In terms of the Library of Parliament, it is a wonderful resource and we use it a lot. I know my colleague, the member for Sackville—Eastern Shore, has costed out these proposals that we have put forward today and the figures we have been given certainly differ from the ones the parliamentary secretary put on the table today.

My colleague, the member for Sackville—Eastern Shore, communicates well with all members of this House and I know he would be happy to share the research he has done with the doubting Thomases on the government side.

Opposition Motion--Canadian ForcesBusiness of SupplyGovernment Orders

1:30 p.m.

NDP

Charlie Angus NDP Timmins—James Bay, ON

Mr. Speaker, while I was visiting my local legion in Timmins, Legion Branch 88, the other day and talking with some of the people there, it occurred to me that the legion was not an old folks' home, a golden age club, but the repository in every community across the country that protects our future veterans. The young ones who are there now will be the legion 20 and 30 years from now protecting them.

While I was at the legion, a Korean war vet came up to me and said, “You know, Charlie, we went over there to a war and we fought in a war. We were still young when we came back and we didn't understand everything we were being told. But when we got home, we found out we weren't in a war, we were in a police action, and because we were technically in a police action, we weren't eligible for the same benefits that war veterans got”. He then said, “So, Charlie, when you see the Prime Minister on television saying this isn't a war in Afghanistan, this is a police action, or, yes, we're in a war but it's not a war”. He said, “You know why they're doing that? Because these young men who come back to our riding, 30 and 40 years from now ,when they need help, they will not be getting the same level of benefits that they deserve as veterans”.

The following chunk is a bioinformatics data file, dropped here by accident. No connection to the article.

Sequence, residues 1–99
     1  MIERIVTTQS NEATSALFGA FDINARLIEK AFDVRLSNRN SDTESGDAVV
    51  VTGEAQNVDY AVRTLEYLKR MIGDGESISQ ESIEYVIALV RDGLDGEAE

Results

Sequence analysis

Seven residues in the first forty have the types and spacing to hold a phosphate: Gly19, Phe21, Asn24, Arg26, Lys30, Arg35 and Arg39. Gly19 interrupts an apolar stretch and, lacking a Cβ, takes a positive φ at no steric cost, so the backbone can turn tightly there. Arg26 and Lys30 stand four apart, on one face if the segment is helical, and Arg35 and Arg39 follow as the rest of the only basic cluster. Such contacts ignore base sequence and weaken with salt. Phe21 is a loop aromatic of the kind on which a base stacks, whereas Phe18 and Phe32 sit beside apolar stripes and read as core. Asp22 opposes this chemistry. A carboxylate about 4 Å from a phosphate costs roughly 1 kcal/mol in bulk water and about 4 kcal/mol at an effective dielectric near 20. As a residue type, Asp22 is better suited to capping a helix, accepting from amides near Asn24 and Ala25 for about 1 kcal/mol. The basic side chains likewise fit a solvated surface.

Because the member has done such strong work on raising issues about Afghanistan, what obligations do we have as a nation to ensure that our Afghanistan veterans are given the full protection as veterans of war?

Opposition Motion--Canadian ForcesBusiness of SupplyGovernment Orders

1:30 p.m.

NDP

Dawn Black NDP New Westminster—Coquitlam, BC

Mr. Speaker, I have three active legions in my community. The legion in Coquitlam has, over the last five years, donated a quarter of a million dollars to community organizations, most of them youth based. The legion in Port Moody and the legion in New Westminster work hard to provide housing for seniors and older British Columbians and they each maintain a housing unit called Legion Manor.